Wednesday, October 01, 2008

The Bank Problem, The "Bailout", and You

Per the request of a friend, this short essay.

We'll begin with something Charlie highlighted from the WaPo.

Simply put, mark-to-market accounting requires companies to set the value for the assets they own at the price they could fetch on the open market right now. The prices must be "marked to market;" hence the phrase.

What does that have to do with the current crisis? The root problem now is that financial institutions have been caught holding value-less, or "toxic," assets on their books, such as the mortgage-backed securities based on sub-prime mortgages that have defaulted. [See below]

The government believes that those assets will be worth something soon -- that's why they want to buy them in the $700 billion Wall Street rescue plan. But under mark-to-market rules currently required, they are worth almost nothing, threatening those who hold them with insolvency.

If the holders could place a value on the assets equal to the estimated value they should bring in the future, suddenly the balance sheets of these financial institutions would look a lot healthier.

Now to back up a bit.

Banks lend money based on a couple of factors: 1) their deposits, and 2) their capital. The smaller the deposit base, the less a Bank can lend. The smaller the Bank's capital, the less it can lend. (There's a lot of arcane stuff buried in the above, but that's the simplified take.)

Banks earn money in three ways: 1) interest on loans; 2) interest on other investments; and 3) fees. We're interested in #1 and #2 here.

When a bank makes a loan, the loan is booked as an "asset." So long as the borrower pays up on the terms of the agreement, everything's hunky-dory. But when a borrower misses a few payments, that loan becomes 'troubled.' Maybe the trouble is temporary--the borrower was sick, but will make up the difference when he's earning money again. Maybe the borrower is actually defaulting--that is, simply not going to pay off the loan at all. In either case, the bank examiners, (Federal Reserve, FDIC, and/or State) note the loan's non-performance and require the Bank to set aside a "reserve" to offset the potential loss. That "reserve" is a charge against earnings. The bank is forced to take the loan out of the "asset" category and, if there are enough of those 'bad loans,' the bank eventually is LOSING money, not making it. That loss is made up for by the bank's "capital" account (shareholder equity.)

Not good. When the bank's capital shrinks, the bank cannot make as many loans--so they have to "call" some loans which are good, forcing other borrowers to pay up--NOW.

Banks also have "other investments." These are (commonly) US Treasury bills, Fan/Fred preferred stocks, and maybe a few "mortgage-backed-securities" which promise higher interest or divident returns than standard commercial loans.

The mortgage-backed-securities have become a problem. That's because nobody actually knows what is in that bundle of debt. Nobody really knows how many of those mortgages will be paid, or not paid.

Enter the accountants and the SEC. Above we highlighted "RIGHT NOW" in the WaPo article. Under "mark-to-market" rules of the SEC and the accountants, the MBS's the banks hold may have to be written down to zero value--because nobody knows with certainty what they are actually worth if you sell them right now.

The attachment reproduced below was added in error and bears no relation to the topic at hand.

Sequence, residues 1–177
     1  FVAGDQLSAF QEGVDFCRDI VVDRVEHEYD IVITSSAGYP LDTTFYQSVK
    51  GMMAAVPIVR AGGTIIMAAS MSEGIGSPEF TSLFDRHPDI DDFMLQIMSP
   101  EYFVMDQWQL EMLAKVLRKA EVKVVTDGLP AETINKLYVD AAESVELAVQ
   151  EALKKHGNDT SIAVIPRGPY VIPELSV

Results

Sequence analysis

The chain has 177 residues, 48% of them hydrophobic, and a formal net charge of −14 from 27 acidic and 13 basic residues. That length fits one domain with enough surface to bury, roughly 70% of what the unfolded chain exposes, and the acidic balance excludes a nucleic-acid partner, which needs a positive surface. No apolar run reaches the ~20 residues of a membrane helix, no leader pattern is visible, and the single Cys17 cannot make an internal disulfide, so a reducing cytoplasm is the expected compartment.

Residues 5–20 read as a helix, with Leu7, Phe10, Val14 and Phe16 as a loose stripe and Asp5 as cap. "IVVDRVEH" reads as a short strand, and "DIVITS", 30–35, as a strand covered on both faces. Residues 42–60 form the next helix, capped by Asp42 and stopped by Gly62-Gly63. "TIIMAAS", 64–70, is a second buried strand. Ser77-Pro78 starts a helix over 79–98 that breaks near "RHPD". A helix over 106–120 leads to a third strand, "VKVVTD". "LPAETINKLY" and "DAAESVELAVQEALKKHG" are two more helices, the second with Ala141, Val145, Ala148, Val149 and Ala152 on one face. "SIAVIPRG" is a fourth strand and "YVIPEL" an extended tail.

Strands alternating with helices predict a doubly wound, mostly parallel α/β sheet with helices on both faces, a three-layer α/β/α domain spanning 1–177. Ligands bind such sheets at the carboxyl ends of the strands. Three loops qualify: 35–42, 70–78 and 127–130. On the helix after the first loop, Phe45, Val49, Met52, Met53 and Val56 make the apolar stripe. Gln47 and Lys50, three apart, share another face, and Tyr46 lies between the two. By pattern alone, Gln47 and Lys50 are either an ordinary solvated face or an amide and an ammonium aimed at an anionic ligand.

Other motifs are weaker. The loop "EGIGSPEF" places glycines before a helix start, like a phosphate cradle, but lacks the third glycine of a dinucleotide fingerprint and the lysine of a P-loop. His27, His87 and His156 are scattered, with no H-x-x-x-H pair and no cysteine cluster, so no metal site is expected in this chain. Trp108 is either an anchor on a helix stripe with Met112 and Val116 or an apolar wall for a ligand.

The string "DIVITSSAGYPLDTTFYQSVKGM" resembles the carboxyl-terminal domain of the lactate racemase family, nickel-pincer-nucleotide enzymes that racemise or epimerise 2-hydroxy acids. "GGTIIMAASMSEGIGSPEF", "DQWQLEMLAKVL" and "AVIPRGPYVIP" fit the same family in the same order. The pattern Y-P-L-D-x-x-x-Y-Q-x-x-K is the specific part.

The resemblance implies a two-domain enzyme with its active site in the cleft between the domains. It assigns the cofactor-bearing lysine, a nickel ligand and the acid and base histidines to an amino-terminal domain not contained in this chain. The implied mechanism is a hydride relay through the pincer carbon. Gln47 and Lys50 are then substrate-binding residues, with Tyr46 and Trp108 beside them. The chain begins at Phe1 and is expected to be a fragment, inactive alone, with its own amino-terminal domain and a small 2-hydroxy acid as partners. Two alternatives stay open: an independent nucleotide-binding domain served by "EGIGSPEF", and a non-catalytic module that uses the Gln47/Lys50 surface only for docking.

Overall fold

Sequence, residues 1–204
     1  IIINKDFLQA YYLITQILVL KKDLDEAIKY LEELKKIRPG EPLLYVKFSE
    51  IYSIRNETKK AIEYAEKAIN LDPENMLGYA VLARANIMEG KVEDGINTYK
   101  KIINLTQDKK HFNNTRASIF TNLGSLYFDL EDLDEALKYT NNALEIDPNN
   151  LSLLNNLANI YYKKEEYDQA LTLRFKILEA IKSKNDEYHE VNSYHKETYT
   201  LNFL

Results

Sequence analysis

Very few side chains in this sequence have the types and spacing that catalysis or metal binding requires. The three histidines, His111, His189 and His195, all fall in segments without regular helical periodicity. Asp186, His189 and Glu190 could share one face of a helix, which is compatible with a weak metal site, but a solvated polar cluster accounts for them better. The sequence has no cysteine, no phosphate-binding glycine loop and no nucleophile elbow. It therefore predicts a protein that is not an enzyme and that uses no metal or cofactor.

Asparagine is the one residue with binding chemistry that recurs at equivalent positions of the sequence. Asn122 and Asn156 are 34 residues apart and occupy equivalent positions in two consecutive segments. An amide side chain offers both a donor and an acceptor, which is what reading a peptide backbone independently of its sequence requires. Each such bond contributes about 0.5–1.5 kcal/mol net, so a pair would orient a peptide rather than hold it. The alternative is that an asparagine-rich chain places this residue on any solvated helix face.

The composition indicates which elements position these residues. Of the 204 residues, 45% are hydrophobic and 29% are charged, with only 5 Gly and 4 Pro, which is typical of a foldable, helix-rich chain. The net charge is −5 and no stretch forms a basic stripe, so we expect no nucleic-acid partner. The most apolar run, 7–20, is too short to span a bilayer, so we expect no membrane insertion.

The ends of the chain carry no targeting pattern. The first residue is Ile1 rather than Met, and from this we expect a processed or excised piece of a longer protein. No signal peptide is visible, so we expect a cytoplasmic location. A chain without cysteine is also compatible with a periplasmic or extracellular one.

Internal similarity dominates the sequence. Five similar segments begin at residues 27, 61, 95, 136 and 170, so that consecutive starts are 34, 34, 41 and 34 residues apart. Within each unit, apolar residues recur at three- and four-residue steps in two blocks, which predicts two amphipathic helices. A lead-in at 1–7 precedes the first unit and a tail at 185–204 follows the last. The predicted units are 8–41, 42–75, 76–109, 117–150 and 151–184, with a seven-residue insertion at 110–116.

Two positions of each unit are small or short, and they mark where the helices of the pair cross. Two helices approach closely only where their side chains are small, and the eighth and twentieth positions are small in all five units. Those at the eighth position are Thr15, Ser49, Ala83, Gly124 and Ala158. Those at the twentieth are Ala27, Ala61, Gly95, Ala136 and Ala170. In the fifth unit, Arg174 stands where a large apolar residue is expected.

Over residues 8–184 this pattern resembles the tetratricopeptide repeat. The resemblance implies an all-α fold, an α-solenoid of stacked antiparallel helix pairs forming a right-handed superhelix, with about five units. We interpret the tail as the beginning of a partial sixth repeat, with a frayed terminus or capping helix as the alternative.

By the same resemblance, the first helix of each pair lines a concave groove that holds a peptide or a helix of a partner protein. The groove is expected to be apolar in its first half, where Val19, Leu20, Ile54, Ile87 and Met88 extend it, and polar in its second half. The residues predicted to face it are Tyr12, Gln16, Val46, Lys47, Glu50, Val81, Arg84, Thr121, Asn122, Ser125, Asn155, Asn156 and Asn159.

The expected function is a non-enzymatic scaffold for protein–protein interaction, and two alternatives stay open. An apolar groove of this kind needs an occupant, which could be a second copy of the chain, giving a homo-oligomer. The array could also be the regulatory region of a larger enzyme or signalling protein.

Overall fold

When those are marked down (to "market") the bank is forced to take a charge against its equity (or its earnings.) Either way, that reduces the bank's ability to lend money, whether right away, or in the future.

When banks are forced to stop lending, nasty stuff happens. Most businesses borrow money regularly for cash-flow purposes (kinda like using MasterCard; you'll get a paycheck in two weeks, but the car's radiator has to be replaced now.) They also borrow for new equipment--usually on a 3- or 5-year payment basis.

Now imagine that the business goes to the bank and asks for $100K to make payroll, knowing that their best customer will pay them $250K for the goods shipped--but not for 10 days.

If the bank has been hit with "market" rules and a few questionable loans, the bank may have to tell the businessman to take a hike. "No money for you. Sorry. So sad, too bad."

Ugh. What about payroll? What about paying vendors? What about that new machine we can use to reduce costs (or just to make our product)?

"So sorry. Too bad."

What Paulson proposed was to have the Gummint buy up all the MBS's. When that happens, the Banks no longer have "impaired" assets, meaning that their equity and deposits can once again support lending. Paulson figures that although the MBS (and CDO) packages have some bad loans, they are not ALL bad loans--and even if the bad loans fail to default, the Gummint still has the house/land to sell.

It's possible that yesterday's change in "mark-to-market" rules will stop some of the bleeding immediately and pull many banks back into 'the black.' It's possible that that change alone will be sufficient. We don't know, yet.

People who watch the Dow aren't watching the right stuff. What counts to the banks is what they have to pay for their funds. That means "LIBOR," which is the interest rate paid by banks for overnight (or longer) loans from OTHER banks.

When the bailout failed to pass, LIBOR overnight rates hit an all-time high.

Like paying a lot for your car-loan? You'll be in hog heaven--if you can GET a car-loan. And the same applies to businesses---their interest rate will go up, too (the bank ain't a charity.) When interest payments go up, something else has to go down....payroll?

As Ryan said: it's awful, but it's what we may have to do.

Nobody said the Constitution is a mutual-suicide pact.

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